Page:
With Apple's recent release of iOS 9 and Xcode 7, linking storyboards has become a natively-supported workflow. I don't know, but I certainly hope the community's large interest in
RBStoryboardLink played a role in this change to Interface Builder. I appreciate all the ideas and contributions that have come from the community.
RBStoryboardLink started its life simply as a proof-of-concept, and it became far more popular than imagined.
Since I work almost exclusively with the latest version of iOS, it's becoming harder for me to maintain
RBStoryboardLink. This repository will remain available for anyone who needs to work with iOS 8 and earlier. There are also many forks available (120 at the time of this writing). It's sad to deprecate my most popular GitHub project, but it's wonderful that it's replaced by an officially-supported option. Thank you again for all the community support.
RBStoryboardLink started out as a proof-of-concept and that is still largely the case. It may not work in all cases. Furthermore,
RBStoryboardLink should not be used without first understanding storyboards.
UIStoryboards are very powerful and useful. However, to make the best use of storyboards, they need to be broken down into natural modules. The problem with having many storyboards is writing the code to transition between them.
RBStoryboardLink solves this problem by allowing "pseudo-segues" between
UIStoryboards. These segues can be built without leaving Interface Builder and without writing any extra code.
RBStoryboardLink requires iOS 7.0+. With some modifications it can support iOS 6 as well, but I wanted to keep it simple.
RBStoryboardLink cannot simultaneously support iOS 5 and 7 due to the large functionality differences.
How to use
NOTE: As of 0.1.0, there is a new workflow. The old workflow only used
RBStoryboardLink. It was responsible for all the work by acting as a proxy for the real view controller. In the new workflow,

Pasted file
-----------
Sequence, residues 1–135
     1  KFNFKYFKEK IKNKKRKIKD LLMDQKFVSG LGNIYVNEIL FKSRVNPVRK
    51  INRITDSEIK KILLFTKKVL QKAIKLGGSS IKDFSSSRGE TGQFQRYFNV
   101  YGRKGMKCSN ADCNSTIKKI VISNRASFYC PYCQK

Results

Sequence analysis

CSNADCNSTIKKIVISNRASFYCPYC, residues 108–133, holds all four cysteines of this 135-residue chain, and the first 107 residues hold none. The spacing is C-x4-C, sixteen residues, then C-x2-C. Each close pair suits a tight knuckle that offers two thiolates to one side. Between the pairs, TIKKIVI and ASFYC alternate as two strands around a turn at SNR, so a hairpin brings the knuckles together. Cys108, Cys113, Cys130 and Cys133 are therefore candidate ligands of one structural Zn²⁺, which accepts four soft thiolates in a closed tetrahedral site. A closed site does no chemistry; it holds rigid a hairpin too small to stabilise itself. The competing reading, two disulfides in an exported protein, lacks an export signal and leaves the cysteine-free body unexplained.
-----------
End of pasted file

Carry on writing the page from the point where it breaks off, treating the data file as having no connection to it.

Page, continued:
RBStoryboardLink merely provides information for
RBStoryboardSegue redirects the segue on presentation. This redirection avoids the complexity of
UIViewController containment and dereferencing a proxy in methods such as
-prepareForSegue:sender:. The new workflow is thanks to @MBulli.
Your app's storyboards must first be decomposed into their natural modules. See this guide for some tips.
Where ever you want create a transition into a different storyboard, create a
UIViewControllerrepresenting the scene to be pushed.
Create the desired segue type (Push, Modal, Custom) to these surrogate view controllers. To take advantage of the new linking, set the type to custom and choose one of
RBStoryboardPopoverSegue. You may also create subclasses of
RBStoryboardSeguefor custom transitions.
In the Identity Inspector, change the class type of each surrogate view controller to
While still in the Identity Inspector, add one or more User Defined Runtime Attributes.
- storyboardName (Required) The name of the storyboard to transition into.
- sceneIdentifier (Optional) The identifier of the view controller to transition to. If left blank, this will push the first view controller.
- needsTopLayoutGuide (Optional) Whether a custom layout constraint should be added to the top layout guide in storyboards. If you notice the background of your navigation bar not getting behind the status bar, set this to
NO. This property is unused if using one of the
- needsBottomLayoutGuide (Optional) Same as the one on top, but for the bottom guide. This property is unused if using one of the
- When using a
UINavcontrollers in the tabs. Place the
UINavigationControllers in the same storyboard as the
There are two demos that are provided to show how to use
A standard, straightforward workflow.
A tabbed workflow.
Contributions are welcomed. I'm much more responsive to pull requests rather than issues. The sample apps use KIF for automated testing. Any pull requests must pass the tests before they will be merged. If new functionality is introduced, the pull requests must also add tests for the new behavior. If you want to contribute and don't know what to tackle, take a look at the issues list.
RBStoryboardLink is licensed under the MIT license, which is reproduced in its entirety here:
Copyright (c) 2012-2015 Robert Brown
Permission is hereby granted, free of charge, to any person obtaining a copy of this software and associated documentation files (the "Software"), to deal in the Software without restriction, including without limitation the rights to use, copy, modify, merge, publish, distribute, sublicense, and/or sell copies of the Software, and to permit persons to whom the Software is furnished to do so, subject to the following conditions:
The above copyright notice and this permission notice shall be included in all copies or substantial portions of the Software.
THE SOFTWARE IS PROVIDED "AS IS", WITHOUT WARRANTY OF ANY KIND, EXPRESS OR IMPLIED, INCLUDING BUT NOT LIMITED TO THE WARRANTIES OF MERCHANTABILITY, FITNESS FOR A PARTICULAR PURPOSE AND NONINFRINGEMENT. IN NO EVENT SHALL THE AUTHORS OR COPYRIGHT HOLDERS BE LIABLE FOR ANY CLAIM, DAMAGES OR OTHER LIABILITY, WHETHER IN AN ACTION OF CONTRACT, TORT OR OTHERWISE, ARISING FROM, OUT OF OR IN CONNECTION WITH THE SOFTWARE OR THE USE OR OTHER DEALINGS IN THE SOFTWARE.